Tuesday, April 17, 2012

An Elaboration on my Atheism

I posted a link to my blog on Cafemom, to answer the question on why I am now an atheist. I noticed at the bottom of the original post that I said I would elaborate on my conversion at a later date, but failed to follow through on that. So I will do that now.

The funny thing about theism, is once you let go, it's like a veil has been lifted from over your eyes. It's not unlike the revelation that the Great and Powerful Oz was really just a man behind a curtain pulling levers.

God was ingrained in me from birth. I never once doubted his existence. What I lacked faith in, if anything, was organized religion. I suppose that was inevitable having two parents feeding me conflicting messages through my childhood.

How ironic that in my quest for the true religion, I came to reject all. Actually, I've come to known that that is how many atheists become atheists. I've known many Christians who have told me to read the Bible to find the truth. I agreed with them, only my version of the truth was the total opposite of theirs. The Bible is an amazing book, in that the reader may find in it, exactly what she is looking for, even if she is unaware of what that it.

So now that I've let go of God, I can't imagine how I could ever make myself believe again. I may as well make an attempt at belief in Zeus. Afterall, I've got just as much evidence for him.

I don't think about being an atheist very much in my day to day life. I only think about it, when someone else mentions atheists or atheism. This happens a lot more online, as people talk more freely behind computer screens. It's the subject of much debate. I don't think I'm really all that different than most Americans. We all do what we feel is right for ourselves. I just take accountability for it.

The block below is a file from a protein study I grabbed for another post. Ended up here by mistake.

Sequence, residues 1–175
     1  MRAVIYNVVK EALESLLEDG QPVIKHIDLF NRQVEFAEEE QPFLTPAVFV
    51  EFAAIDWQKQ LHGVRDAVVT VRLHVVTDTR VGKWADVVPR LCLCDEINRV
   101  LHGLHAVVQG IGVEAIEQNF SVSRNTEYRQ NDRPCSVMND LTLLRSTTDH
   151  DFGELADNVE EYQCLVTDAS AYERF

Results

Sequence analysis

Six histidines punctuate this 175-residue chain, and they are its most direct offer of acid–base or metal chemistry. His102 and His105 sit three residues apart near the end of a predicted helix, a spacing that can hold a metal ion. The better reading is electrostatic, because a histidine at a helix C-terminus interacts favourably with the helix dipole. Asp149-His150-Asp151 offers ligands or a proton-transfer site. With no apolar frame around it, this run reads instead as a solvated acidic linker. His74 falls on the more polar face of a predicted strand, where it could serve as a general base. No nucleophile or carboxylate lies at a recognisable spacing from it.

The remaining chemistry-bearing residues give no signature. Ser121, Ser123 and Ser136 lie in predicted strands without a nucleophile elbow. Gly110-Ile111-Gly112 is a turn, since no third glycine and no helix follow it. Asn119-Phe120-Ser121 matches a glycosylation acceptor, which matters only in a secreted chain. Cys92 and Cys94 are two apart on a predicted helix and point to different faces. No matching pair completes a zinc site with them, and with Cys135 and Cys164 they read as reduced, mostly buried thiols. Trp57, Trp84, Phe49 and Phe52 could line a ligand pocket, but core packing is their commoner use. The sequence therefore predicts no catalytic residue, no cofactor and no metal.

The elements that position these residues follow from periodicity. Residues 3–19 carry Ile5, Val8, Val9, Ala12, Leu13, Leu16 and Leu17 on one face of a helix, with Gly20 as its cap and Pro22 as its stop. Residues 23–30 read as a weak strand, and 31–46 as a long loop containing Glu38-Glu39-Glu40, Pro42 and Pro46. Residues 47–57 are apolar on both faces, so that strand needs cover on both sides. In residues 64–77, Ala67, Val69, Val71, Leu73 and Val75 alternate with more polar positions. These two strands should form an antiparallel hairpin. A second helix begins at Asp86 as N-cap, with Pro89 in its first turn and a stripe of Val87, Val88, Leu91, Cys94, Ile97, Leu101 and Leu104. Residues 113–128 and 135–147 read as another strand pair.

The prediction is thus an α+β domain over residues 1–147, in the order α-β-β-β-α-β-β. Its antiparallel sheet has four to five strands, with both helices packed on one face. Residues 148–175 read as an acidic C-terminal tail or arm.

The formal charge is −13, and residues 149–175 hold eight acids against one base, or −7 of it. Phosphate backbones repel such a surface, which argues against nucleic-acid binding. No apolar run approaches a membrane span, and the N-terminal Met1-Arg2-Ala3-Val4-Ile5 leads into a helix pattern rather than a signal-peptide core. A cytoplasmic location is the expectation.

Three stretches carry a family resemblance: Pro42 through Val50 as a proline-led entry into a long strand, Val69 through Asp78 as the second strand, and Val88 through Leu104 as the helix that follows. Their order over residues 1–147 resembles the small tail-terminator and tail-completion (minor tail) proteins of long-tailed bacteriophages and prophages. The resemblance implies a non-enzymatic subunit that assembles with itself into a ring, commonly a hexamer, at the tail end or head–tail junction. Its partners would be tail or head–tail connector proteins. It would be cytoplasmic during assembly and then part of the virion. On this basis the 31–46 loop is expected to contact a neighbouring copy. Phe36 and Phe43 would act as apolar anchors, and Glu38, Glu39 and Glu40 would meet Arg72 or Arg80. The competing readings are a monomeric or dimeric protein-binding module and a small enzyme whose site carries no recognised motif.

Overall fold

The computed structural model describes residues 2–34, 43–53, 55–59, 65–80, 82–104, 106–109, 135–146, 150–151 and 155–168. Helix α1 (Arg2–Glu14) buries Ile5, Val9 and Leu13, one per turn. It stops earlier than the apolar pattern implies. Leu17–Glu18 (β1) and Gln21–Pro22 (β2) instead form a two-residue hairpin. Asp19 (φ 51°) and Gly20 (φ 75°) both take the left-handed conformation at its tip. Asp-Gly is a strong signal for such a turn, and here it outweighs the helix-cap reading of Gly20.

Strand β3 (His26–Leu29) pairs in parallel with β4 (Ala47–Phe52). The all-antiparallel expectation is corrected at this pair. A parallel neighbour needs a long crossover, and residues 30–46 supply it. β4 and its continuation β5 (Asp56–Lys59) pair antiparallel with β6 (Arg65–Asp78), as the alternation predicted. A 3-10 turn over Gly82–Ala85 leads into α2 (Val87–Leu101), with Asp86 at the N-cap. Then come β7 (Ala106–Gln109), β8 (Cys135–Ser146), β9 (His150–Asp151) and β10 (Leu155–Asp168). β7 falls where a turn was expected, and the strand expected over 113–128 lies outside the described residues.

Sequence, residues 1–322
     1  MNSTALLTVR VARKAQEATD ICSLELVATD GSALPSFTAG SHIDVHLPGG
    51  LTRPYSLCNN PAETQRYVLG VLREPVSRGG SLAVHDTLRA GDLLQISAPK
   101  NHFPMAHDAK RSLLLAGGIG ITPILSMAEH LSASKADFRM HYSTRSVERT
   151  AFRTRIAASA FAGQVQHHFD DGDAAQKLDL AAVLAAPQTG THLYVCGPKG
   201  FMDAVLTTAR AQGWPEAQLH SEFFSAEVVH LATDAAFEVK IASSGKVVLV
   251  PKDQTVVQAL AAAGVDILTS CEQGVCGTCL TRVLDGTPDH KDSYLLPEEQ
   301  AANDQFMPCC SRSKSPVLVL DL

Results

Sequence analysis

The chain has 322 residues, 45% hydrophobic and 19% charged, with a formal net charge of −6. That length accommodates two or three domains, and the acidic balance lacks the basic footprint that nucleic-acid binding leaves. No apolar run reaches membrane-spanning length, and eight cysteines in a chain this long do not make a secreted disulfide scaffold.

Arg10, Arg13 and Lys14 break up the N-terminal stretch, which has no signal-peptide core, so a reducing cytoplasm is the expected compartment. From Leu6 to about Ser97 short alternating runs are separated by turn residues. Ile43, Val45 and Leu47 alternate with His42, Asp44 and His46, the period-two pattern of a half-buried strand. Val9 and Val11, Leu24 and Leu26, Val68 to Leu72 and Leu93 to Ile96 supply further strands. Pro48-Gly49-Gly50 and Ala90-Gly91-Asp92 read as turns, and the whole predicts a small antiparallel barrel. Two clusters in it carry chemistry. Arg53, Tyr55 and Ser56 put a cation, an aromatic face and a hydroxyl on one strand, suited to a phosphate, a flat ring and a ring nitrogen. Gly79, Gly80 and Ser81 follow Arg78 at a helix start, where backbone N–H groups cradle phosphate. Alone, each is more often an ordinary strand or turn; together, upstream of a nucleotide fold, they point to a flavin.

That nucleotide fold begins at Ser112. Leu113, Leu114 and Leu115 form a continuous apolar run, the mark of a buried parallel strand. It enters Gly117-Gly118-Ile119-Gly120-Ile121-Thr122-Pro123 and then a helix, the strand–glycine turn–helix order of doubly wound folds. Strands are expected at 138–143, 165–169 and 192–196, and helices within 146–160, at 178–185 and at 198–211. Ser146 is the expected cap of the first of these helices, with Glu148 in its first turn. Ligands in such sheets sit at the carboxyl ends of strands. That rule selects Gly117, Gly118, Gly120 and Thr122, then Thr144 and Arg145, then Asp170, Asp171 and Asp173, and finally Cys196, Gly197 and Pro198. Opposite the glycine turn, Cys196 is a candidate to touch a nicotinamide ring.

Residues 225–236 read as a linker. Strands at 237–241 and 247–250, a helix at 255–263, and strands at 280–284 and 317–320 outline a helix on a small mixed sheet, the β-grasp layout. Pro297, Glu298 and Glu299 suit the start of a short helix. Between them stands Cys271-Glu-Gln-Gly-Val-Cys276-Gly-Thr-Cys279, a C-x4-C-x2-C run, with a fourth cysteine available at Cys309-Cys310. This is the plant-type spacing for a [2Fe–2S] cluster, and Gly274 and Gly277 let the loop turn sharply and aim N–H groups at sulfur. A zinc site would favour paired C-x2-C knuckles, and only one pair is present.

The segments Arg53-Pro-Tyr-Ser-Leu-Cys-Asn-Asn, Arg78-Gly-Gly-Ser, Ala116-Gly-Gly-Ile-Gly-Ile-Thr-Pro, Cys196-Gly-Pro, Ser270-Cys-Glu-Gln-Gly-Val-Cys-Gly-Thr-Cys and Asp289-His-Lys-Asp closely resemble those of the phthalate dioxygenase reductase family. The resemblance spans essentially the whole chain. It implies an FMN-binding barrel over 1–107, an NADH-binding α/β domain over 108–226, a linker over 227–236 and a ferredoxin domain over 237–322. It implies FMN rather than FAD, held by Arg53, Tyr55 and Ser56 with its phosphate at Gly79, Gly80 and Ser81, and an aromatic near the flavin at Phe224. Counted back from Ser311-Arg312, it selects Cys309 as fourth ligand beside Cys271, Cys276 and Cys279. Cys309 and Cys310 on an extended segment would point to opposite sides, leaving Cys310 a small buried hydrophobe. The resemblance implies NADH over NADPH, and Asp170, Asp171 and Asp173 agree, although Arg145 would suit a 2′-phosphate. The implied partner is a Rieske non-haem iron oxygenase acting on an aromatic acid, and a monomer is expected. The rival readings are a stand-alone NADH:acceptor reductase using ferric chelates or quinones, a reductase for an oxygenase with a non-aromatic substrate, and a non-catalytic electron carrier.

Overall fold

Well, that's all on this topic for now. If more comes to me, I will share it with you.
Gosh I haven't written here for so long. What is wrong with me? So what shall I talk about? I guess I could share a life lesson I've learned with you all. Why not? I've got plenty of them. Please excuse the awkwardness of this post. I'm a bit rusty.

A life lesson-save the excuses.

Excuses might make you feel better, but really, they don't make anyone else feel better. Excuses can sometimes serve the purpose of explanations, but really, that only works if the person on the receiving end is looking for an explanation.

Shit happens. People get sick, hurt. The car breaks down. The person who was supposed to be there for you fell through. But the bottom line is something didn't get done, that you were supposed to do, or something got done that wasn't supposed to, and it's your fault. No point in defending yourself; that only makes the party you're making excuses to more annoyed.

So what do you do? Try this simple phrase, "I'm sorry I disappointed you. I understand how you are upset? What can I do to make it better? Or, "I'll be more aware of that in the future".

Owning up to your failings, even when they are beyond your control shows the other person that you are accountable for yourself, that you own your failings, and that you want to work with them. Excuses show weakness, lack of accountability, and an incessant need for self-preservation.

So, try it sometime. Don't make excuses. Stand up and show someone that you are a dependable person, even when you fall short of expectations.

Sunday, June 6, 2010

A Child's Life is Worth More Than $15

$15 is all it costs to equip an automatic transmission with a break transmission shift interlock device or BTSI. This is the device that prevents the car's gears from being shifted unless someone's foot is on the brake.

This is a very real danger that car manufacturers have known about for 30 years. If the key is in the ignition and turned to accessory mode, to turn on a radio, or DVD player, or even just to roll down a window, the gear shift can accidentally be knocked into neutral by a child or adult and roll away.

Sadly last weekend, one of my fellow Cafemom members lost her son when a neighbor got out of her Chevy Suburban and a child shifted the car into neutral. The car rolled down a slightly inclined driveway and pinned the child's brother against the house. We can all say that could never happen to us, but all it took was someone else's lapse in judgement and now a child is dead. One moment when the child's parents had gone inside, thinking their kids were safe because another adult was supposed to be watching them, but wasn't paying attention, and a mother had to watch her son take his last breath, helpless to save him.